Saturday, September 10, 2011


Harry Targ

(Comments prepared for a panel discussion entitled “September 11: Ten Years Later” on Tuesday, September, 13, 2011, at Purdue University)

The Historical Context of the 9/11 Tragedy

The impacts of monumental tragedies on the lives of a people are derived both from the immediacy of the tragedy in question and from the long-term historical context in which the tragedy occurs. Just to reflect for a moment on the history of American economic and political conflict before 9/11 we must recognize two essential struggles.

First, from the Great Depression of the 1930s to the Fair Deal of the Truman era to Lyndon Johnson’s Great Society programs of the 1960s, policymakers believed that a partnership of government with the private sector was likely to provide economic well-being for most Americans. Economists argued that government programs, including fiscal stimuli, supports for the needy, and regulations of unbridled banks and corporations were required to smooth out the negative consequences of capitalism.

As a result of rapidly changing events in the 1970s, from the oil shocks of that decade to increased government deficits at home, some political leaders and economists advocated a return to economic policies that minimized government, maximized corporate and banking freedom, and returned to the pre-Depression philosophy promoting “the magic of the marketplace.”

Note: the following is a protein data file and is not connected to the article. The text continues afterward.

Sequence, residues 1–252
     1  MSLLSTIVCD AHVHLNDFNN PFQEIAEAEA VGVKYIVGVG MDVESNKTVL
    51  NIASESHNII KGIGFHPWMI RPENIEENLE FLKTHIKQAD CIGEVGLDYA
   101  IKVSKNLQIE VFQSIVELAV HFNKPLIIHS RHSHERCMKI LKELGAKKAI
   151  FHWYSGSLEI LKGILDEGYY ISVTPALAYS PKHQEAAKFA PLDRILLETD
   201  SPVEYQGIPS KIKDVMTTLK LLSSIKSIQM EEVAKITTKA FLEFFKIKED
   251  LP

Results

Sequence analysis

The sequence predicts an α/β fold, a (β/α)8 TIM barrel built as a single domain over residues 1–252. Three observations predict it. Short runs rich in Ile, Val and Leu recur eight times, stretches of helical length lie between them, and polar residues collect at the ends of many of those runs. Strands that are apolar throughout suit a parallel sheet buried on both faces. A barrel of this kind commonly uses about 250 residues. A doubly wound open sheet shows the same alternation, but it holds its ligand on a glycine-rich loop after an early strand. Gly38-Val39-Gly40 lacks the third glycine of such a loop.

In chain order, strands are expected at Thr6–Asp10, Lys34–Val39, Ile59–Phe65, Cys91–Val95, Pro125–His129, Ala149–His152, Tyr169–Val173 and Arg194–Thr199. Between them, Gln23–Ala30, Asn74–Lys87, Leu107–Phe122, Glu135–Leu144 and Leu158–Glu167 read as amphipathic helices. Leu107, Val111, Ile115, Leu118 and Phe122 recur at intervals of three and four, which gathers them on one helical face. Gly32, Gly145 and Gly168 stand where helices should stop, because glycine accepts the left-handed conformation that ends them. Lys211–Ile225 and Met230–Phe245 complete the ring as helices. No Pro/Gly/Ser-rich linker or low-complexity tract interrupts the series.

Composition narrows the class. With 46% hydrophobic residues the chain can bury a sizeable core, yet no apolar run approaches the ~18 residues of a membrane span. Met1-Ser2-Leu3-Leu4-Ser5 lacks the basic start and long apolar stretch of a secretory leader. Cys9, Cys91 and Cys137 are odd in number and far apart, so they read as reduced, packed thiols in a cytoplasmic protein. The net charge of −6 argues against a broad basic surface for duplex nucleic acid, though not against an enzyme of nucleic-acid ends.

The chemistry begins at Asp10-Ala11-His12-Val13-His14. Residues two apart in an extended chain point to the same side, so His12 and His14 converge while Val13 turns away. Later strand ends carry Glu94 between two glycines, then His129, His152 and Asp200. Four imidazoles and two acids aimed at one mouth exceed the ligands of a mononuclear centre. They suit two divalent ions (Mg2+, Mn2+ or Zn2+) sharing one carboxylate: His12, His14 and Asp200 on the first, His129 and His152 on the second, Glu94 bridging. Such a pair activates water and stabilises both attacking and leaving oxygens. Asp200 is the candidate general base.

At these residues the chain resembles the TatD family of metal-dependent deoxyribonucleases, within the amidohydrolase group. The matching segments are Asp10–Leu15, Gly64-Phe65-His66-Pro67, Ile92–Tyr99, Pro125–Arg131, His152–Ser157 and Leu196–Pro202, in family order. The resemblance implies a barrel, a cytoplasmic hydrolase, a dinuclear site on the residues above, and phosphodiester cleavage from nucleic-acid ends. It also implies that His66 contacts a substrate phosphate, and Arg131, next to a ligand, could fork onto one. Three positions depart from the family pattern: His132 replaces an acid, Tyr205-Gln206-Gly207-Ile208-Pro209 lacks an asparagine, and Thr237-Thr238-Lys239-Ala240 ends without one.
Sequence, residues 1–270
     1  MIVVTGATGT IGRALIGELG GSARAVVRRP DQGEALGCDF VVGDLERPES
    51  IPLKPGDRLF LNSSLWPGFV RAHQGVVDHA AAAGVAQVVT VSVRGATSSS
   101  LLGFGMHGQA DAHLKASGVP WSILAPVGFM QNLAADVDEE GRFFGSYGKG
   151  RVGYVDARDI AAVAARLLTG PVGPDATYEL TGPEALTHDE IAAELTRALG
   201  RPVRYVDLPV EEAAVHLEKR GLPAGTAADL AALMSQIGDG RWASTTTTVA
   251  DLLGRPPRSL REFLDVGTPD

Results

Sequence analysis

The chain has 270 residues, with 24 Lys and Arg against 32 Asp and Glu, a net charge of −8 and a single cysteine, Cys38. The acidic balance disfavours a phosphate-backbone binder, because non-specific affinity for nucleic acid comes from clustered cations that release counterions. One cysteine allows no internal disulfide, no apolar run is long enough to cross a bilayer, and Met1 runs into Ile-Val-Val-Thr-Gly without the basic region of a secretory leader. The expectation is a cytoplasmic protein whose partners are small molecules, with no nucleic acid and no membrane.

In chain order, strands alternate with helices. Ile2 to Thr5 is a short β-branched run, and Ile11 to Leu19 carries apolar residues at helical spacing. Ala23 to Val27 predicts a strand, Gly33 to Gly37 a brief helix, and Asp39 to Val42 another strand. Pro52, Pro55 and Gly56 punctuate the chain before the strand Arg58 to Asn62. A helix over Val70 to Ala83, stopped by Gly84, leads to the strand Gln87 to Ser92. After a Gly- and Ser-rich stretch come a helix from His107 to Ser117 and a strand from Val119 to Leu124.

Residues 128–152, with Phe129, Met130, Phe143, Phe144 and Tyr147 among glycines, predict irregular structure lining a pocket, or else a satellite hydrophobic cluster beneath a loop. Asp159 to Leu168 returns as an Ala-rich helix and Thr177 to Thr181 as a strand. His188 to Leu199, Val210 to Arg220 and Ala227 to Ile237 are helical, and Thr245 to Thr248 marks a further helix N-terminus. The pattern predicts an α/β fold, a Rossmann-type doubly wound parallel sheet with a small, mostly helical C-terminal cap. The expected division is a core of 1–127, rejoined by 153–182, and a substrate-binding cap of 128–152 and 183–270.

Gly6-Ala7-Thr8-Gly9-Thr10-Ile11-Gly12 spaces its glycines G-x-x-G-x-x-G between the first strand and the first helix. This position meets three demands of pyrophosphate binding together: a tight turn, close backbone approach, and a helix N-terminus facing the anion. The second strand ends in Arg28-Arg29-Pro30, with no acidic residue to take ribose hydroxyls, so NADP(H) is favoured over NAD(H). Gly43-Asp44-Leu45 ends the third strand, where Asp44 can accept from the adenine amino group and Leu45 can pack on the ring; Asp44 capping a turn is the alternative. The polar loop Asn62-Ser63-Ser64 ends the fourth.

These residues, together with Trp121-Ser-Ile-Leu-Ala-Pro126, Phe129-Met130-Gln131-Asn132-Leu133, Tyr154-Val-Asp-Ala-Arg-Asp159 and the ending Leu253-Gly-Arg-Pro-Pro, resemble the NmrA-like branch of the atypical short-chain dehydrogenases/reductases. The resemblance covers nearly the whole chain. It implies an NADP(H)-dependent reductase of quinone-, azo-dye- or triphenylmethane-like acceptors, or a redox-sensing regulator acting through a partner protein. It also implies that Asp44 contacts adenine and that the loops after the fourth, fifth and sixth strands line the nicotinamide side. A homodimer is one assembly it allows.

In response to global challenges to the mixed economy policy model, the International Monetary Fund, the World Bank, and the most powerful nations in the world pressured weaker countries to shift their policy programs to what became known as “neo-liberal” policies. These policies called for cutting government spending (even vital programs for the needy), deregulation of the private sector, and privatization of government programs including transportation, education, health care, and even the provision of fresh water. In many countries, these new policies included challenging the rights of workers, peasants, and others to organize and make demands on corporations and government.

In the 1980s, the so-called “Reagan revolution” expanded and in some cases initiated new neo-liberal programs in the United States. According to David Harvey, the long-term impacts of this dramatic shift in public policy since the 1980s has involved massive outsourcing of work, deindustrialization, and transformation from a manufacturing and service economy to one based on financial speculation. As a result, the impacts for the next thirty years included growing income and wealth inequality, a rising proportion of society’s wealth accumulated by the top 1 per cent of the population, growing consolidation of corporations and banks, increased personal, state, and national debt, and declining real wages, living standards, access to public services, and quality of life for most Americans.

On the international front, U.S. policymakers launched a worldwide crusade against what Reagan era policymakers defined as the threat of “international communism.” After the collapse of the Soviet Union, policymaking elites who had entered the foreign policy establishment in the Nixon years and continued their service through the Reagan years and two Bush presidencies lobbied for a foreign policy of global domination. Their lobbying vehicle, the Project for a New American Century (PNAC), engaged actively in the 1990s to mobilize support for war on Iraq and Iran and the establishment of friendly regimes all across the broad swath of territory from Northern South America, to the Horn of Africa, to the Middle East and Persian Gulf to East Asia.